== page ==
Connect to Salesforce Data as a Linked Server

  • dataintegration

    Mr or Mrs. 500

    Points: 510

    Comments posted to this topic are about the item Connect to Salesforce Data as a Linked Server

  • SQL-DBA

    Hall of Fame

    Points: 3004

    So basically you need to buy the SF ODBC driver to do this, right?

    http://www.cdata.com/drivers/salesforce/order/odbc/

  • Sam Lachterman

    SSC Veteran

    Points: 217

    Yes, which is completely ignored by the author. The website for cdata doesn't even list the price for the product with SQL Server remoting (you have to request a quote), so it can't be cheap.

    Subtle content marketing?

  • Robert Sterbal

    SSChampion

    Points: 10988

    I think this is what Steve was referring to about the gray line between content and marketing.

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  • stevefromOZ

    SSC-Forever

    Points: 43646

    So basically the 'article' is an install guide/set up instructions for a very specific driver? We use DBAmp for the same purpose and the provide a nice guide but I won't be publishing it here 🙂

    Steve.

  • dataintegration

    Mr or Mrs. 500

    Points: 510

    I may be mistaken, but I believe that DBAmp allow you to replicate salesforce data to a local instance of SQL server, correct? Replication/sync is a different problem entirely.

    This solution is different - it offers the ability to create a SQL server linked server (https://msdn.microsoft.com/en-us/library/ms188279.aspx?f=255&MSPPError=-2147217396) with live access to salesforce data (no local replication). Basically it makes salesforce data look like SQL (or MySQL), without doing any kind of local copying etc.

  • stevefromOZ

    SSC-Forever

    Points: 43646

    Absolutely it lets you do that. *But* it also works effectively like an OLEDB driver, so you can easily create a linked server (or multiples, one for PROd, sandboxes etc) that is then usable within SQL. To add to that, the folks from DB Amp even give you some added functionality n stored procs and an external executable, basically allowing for use of the SF Bulk API's (which believe me, if you've ever tried to do any type opf update or insert with Salesforce, you want to be using the bulk API's).

    So i guess I'm saying yeah, it can be used strictly for replication, but is that all it can do? No, not at all.

    Steve.

  • Damir Khamitov

    SSC Journeyman

    Points: 84

    As I understand Eric shows how to connect to a standalone Salesforce database server.

    Is there a way to create a linked server to "Salesforce as a Service" database at https://login.salesforce.com ?

  • akljfhnlaflkj

    SSC Guru

    Points: 76202

    Thanks for the information.

  • Sam Lachterman

    SSC Veteran

    Points: 217

    As a customer, DbAmp makes a great product and has great support.

  • dataintegration

    Mr or Mrs. 500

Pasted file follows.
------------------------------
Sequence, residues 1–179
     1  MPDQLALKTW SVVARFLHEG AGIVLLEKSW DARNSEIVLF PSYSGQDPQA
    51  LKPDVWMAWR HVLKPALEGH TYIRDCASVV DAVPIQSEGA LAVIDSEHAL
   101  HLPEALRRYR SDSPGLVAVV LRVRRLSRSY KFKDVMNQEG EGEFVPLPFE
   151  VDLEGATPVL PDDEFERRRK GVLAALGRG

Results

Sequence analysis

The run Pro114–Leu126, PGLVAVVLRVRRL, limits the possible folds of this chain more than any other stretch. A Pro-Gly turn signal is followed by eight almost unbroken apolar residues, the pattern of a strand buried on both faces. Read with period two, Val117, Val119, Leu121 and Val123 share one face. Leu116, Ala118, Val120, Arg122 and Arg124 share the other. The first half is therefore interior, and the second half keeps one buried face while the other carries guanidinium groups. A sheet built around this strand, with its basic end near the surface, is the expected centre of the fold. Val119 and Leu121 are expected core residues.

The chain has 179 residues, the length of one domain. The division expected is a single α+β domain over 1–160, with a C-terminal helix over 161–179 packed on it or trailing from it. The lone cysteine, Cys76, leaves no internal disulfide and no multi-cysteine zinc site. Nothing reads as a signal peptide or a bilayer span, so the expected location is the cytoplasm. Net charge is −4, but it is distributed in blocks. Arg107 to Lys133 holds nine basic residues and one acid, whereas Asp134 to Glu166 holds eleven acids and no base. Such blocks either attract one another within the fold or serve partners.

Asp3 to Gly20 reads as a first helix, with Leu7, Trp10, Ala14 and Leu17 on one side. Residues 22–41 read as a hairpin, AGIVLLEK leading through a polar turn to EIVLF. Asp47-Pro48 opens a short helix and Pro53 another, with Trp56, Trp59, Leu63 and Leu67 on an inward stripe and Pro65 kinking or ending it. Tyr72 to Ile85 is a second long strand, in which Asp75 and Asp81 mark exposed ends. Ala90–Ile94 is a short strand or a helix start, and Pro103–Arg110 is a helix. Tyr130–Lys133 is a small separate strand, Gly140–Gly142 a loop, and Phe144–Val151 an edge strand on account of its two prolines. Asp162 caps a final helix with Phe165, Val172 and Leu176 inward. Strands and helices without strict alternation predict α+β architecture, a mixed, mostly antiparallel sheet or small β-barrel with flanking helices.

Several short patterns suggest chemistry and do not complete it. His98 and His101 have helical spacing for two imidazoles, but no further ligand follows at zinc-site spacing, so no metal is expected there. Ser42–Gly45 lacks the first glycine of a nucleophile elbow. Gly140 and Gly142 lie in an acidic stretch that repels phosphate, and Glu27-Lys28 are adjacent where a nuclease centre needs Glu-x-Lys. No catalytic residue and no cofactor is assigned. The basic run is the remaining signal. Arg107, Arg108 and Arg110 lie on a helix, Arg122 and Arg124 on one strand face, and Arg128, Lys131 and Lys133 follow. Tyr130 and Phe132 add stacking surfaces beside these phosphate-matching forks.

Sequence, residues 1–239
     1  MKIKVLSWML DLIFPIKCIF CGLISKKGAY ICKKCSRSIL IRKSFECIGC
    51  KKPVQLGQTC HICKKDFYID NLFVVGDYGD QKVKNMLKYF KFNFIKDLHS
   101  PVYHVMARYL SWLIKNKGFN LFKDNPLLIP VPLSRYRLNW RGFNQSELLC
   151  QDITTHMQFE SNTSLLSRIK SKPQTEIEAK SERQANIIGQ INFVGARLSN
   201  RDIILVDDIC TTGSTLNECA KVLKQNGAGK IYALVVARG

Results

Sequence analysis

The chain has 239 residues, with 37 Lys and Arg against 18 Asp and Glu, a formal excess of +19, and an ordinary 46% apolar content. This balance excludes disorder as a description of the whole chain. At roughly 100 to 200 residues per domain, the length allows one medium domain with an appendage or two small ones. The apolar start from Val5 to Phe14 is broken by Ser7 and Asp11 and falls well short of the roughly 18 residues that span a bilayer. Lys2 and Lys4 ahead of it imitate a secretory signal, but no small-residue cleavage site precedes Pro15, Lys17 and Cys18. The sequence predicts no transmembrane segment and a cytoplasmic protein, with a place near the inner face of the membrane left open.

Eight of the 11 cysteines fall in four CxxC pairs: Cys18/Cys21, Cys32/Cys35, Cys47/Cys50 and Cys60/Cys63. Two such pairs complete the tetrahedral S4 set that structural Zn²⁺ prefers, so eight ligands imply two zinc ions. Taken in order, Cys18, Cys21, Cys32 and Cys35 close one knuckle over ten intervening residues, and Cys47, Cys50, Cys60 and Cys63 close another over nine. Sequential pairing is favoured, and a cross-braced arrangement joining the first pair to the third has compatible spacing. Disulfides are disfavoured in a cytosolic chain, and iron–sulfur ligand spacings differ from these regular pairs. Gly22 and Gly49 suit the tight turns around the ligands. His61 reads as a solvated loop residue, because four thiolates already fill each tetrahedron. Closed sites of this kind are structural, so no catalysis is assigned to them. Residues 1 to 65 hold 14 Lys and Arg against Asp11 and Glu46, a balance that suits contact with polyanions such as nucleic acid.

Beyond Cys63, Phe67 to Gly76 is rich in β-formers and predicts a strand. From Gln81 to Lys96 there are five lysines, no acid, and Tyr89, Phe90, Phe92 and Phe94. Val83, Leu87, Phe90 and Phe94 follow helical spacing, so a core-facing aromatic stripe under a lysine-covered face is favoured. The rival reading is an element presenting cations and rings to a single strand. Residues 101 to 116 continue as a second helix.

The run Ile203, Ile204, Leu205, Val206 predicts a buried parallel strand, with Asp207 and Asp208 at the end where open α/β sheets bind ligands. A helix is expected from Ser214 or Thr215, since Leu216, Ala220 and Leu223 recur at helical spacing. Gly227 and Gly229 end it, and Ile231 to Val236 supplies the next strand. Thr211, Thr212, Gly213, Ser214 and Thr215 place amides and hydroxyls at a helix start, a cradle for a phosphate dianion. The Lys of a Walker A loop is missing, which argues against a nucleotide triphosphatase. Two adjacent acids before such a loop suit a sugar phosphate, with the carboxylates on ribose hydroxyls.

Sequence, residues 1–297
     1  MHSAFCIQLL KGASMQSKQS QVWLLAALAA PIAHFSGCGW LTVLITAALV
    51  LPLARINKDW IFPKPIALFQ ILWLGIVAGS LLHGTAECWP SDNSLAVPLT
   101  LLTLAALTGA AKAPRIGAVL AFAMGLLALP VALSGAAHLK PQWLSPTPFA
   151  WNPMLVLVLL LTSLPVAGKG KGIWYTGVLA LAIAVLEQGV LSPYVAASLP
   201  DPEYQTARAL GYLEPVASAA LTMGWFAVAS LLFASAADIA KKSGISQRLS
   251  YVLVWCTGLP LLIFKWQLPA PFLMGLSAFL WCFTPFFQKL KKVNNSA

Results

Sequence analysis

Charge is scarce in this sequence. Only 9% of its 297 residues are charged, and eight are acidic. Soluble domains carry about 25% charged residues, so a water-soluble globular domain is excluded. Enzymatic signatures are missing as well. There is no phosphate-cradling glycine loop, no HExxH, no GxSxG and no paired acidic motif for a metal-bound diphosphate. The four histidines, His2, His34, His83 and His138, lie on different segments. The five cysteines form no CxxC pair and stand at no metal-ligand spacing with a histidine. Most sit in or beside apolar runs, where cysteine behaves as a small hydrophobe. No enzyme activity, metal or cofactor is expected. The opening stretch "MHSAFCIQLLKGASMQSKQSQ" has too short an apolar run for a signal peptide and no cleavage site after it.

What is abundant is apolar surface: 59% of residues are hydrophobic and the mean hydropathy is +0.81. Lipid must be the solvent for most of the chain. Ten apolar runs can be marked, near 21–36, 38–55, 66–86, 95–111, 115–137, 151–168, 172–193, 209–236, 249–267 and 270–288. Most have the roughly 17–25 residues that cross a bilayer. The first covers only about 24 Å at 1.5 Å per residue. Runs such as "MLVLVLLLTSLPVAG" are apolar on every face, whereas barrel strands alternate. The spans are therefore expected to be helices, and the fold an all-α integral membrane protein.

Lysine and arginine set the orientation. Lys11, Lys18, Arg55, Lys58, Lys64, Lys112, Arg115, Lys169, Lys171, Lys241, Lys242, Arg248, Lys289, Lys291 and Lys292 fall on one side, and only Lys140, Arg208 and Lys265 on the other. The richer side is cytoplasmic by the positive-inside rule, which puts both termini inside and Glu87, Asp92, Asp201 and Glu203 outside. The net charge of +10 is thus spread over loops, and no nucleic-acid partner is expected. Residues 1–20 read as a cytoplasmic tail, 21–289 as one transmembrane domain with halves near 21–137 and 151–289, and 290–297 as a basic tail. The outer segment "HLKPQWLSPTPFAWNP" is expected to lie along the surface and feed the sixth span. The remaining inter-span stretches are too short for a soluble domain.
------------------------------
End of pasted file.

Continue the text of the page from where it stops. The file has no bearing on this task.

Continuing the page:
Points: 510

    Hi Steve,

    Yes, I know what you mean about the Bulk API - the CData driver uses it internally (and transparently) as well.

    One thing that might not be obvious about the article - the linked server feature is common across all of the CData ODBC drivers. So, while this article focuses on Salesforce, the same linked-server capabilities can also be used for NetSuite, DynamicsCRM (on-prem & online), QuickBooks, SharePoint, SugarCRM, etc.

  • tnpich

    Ten Centuries

    Points: 1191

    Does this require the API available from the SalesForce Enterprise edition or is independent of that?

  • stevefromOZ

    SSC-Forever

    Points: 43646

    doesn't require anything local other than the driver (whether that be cdata or dbamp or whoever). these interface with the API, but that's in the cloud.

    Steve.

  • AD's

    SSC Veteran

    Points: 218

    Hi,

    I thought of doing a POC to test the speed of CDATA ODBC driver from SSIS.

    Here is some analysis (please note it is on non-prod environment.)

    I used it in SSIS for fetching 8 column from salesforce (Account) table to SQL database.

    It took around 8 minutes for inserting 828,000 records in SQL table from SF table.

    All columns are string/datetime/bool.

    Is it normal speed or am I missing something?

    Thanks

  • Scott Coleman

    One Orange Chip

    Points: 27442

    We use DBAmp, and one of the reasons we chose it was the licensing model. You pay for each SalesForce production instance, not per SQL Server. So we can pay once and access our Salesforce data from as many SQL servers as we like, plus all of the sandboxes (of the same production org). All access by any developer or application goes through a SQL Server linked server, so there's no extra charge per developer or app deployment.

    Access to the bulk API is another great feature. We can download a copy of every table nightly without worrying about hitting any transaction count limits.

    But to provide connectivity to mobile apps you would have to publish a web service that went through your SQL Servers. If that was your goal you might prefer the CData royalty-free distribution model that would let mobile apps go straight to Salesforce.

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